When you tie a fly onto the end of your fly-fishing leader, you have been “touched” by the labor and effort of another human being.
I venture to say most anglers don’t give this much of a think — but it is true.
The fly you fish with was created by a human being. Either you or someone else.
It’s that simple, and profound.
We rarely contemplate this, yet in this time when it seems everything and anything we want can be conjured or delivered instantly, a fly whose purpose is to catch fish — well, a human being created it, not a machine.
As for the creation part, that needs some clarifying.
My passion has always been to discover (as best I can) the history of the fly I am looking at or using — who created it and where it came from.
This is one of the great joys of fly-fishing, one you can be a part of, or apart from — your choice.
The flies we use to catch fish are time markers.
I can look in my fly box and with relative certainty know, or tell, the story of where a certain fly came from and its intended purpose.
Flies, for me, are also reminders.
In all the vehicles I’ve owned, the sun visor above my head gets filled with flies as the months and years pass.
The flies that go on my visor are the ones on the end of my leader at the end of a fly-fishing day — whether that day lasted one hour or 12 hours.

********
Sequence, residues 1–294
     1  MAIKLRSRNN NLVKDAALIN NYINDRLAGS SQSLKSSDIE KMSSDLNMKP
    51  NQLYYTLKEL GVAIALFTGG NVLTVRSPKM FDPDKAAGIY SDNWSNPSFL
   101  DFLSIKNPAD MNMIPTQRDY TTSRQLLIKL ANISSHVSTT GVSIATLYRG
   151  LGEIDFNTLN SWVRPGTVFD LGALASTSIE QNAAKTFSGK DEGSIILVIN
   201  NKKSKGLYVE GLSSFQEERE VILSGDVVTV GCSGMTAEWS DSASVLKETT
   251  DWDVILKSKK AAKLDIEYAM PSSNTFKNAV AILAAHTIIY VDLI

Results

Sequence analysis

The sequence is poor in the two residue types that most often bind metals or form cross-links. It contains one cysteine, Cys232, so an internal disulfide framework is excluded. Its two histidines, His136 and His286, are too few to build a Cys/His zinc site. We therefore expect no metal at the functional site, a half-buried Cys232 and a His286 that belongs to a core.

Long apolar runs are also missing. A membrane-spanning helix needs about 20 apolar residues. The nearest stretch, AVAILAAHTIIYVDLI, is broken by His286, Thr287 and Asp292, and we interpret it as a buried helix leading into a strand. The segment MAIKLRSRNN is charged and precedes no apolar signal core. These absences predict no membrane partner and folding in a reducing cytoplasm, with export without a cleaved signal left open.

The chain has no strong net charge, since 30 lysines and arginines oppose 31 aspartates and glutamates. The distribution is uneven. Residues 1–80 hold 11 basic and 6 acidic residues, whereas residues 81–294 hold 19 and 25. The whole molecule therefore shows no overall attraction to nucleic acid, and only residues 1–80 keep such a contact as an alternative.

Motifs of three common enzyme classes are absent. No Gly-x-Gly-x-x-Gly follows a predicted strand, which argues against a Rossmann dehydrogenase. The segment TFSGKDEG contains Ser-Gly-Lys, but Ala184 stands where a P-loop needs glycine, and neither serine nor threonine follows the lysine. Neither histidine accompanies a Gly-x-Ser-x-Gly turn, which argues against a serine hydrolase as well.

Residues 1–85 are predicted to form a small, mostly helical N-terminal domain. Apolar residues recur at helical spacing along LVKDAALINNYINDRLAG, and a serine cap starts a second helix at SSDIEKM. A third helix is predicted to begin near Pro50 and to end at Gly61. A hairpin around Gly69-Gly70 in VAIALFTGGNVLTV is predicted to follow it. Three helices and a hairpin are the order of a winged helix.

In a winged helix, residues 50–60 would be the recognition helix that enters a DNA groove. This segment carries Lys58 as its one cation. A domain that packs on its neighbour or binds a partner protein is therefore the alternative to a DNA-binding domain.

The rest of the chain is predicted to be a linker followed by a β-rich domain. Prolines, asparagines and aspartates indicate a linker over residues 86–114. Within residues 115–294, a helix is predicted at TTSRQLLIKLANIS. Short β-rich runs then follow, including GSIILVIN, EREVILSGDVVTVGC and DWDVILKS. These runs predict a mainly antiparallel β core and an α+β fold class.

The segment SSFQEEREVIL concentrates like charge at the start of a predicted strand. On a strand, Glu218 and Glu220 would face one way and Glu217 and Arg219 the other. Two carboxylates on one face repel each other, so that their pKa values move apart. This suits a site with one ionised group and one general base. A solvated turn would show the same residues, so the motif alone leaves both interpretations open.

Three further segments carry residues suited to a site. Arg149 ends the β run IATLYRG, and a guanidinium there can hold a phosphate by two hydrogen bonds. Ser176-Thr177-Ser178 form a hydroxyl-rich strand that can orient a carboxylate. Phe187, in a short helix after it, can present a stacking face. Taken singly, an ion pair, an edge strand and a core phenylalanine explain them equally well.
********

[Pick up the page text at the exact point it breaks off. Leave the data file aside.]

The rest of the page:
They can be nymphs or streamers or a dry fly.
I clip the fly off my leader and secure it to the sun visor, just as you would your fly patch to a fly-fishing vest, etc.
These flies bring a crooked smile on early wintry days in the West, when the temperature is a balmy 10 below zero and I’m driving toward the piercing, rising sun and must shield my eyes with the visor above my head.
The flies come into close view on those mornings, and for a time I am transported to the place and time when I attached those flies to the visor.
I can almost taste the sweet summer sweat of hiking a canyon and fishing its river below.
My ankles and knees, through jointed memory, remind me of the effort, and the photo-log in my mind illuminates the many beautiful memories of days like that.
Or. . .
A very wet, cold, but highly satisfying day of floating and wade-fishing a big river in the Western spring when the weather is nonstop snow, sleet and rain, but the fish catching (and releasing) is so good that your mind magically lifts you from the physical misery to a place of palpable purpose and mental warmness.
So. . .
When you are in a fly shop, and you see that “smorgasbord” of delight that is the fly bins, take a moment to realize that another human being tied those morsels.
And if you tie your own flies, when you open your fly box and make the choice, remember the related story: you may have tied that fly last night or last year, but it’s a good bet you recall something about the circumstances associated with its creation.
All this to fool a living, beautiful predator into eating a replica of another living creature in the natural world.
Something that ties us all together.
This fly-fishing — it really does exactly that.
Maybe I’ll see you on the water.